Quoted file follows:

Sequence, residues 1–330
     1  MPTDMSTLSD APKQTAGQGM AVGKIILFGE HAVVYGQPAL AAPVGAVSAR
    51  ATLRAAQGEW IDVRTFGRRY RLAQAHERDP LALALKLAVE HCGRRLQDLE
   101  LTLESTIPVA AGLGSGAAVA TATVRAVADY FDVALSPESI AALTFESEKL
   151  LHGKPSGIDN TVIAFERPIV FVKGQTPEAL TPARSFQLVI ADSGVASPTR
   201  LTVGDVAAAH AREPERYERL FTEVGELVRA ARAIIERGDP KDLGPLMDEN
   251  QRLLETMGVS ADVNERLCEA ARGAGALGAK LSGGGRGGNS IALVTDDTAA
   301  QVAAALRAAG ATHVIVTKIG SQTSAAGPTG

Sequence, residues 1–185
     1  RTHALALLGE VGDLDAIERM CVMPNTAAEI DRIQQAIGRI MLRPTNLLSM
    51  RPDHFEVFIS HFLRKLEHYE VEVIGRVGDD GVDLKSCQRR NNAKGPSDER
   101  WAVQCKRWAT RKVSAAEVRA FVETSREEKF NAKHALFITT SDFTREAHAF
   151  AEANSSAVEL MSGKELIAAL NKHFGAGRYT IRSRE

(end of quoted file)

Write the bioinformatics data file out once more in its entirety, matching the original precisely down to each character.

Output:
Sequence, residues 1–330
     1  MPTDMSTLSD APKQTAGQGM AVGKIILFGE HAVVYGQPAL AAPVGAVSAR
    51  ATLRAAQGEW IDVRTFGRRY RLAQAHERDP LALALKLAVE HCGRRLQDLE
   101  LTLESTIPVA AGLGSGAAVA TATVRAVADY FDVALSPESI AALTFESEKL
   151  LHGKPSGIDN TVIAFERPIV FVKGQTPEAL TPARSFQLVI ADSGVASPTR
   201  LTVGDVAAAH AREPERYERL FTEVGELVRA ARAIIERGDP KDLGPLMDEN
   251  QRLLETMGVS ADVNERLCEA ARGAGALGAK LSGGGRGGNS IALVTDDTAA
   301  QVAAALRAAG ATHVIVTKIG SQTSAAGPTG

Sequence, residues 1–185
     1  RTHALALLGE VGDLDAIERM CVMPNTAAEI DRIQQAIGRI MLRPTNLLSM
    51  RPDHFEVFIS HFLRKLEHYE VEVIGRVGDD GVDLKSCQRR NNAKGPSDER
   101  WAVQCKRWAT RKVSAAEVRA FVETSREEKF NAKHALFITT SDFTREAHAF
   151  AEANSSAVEL MSGKELIAAL NKHFGAGRYT IRSRE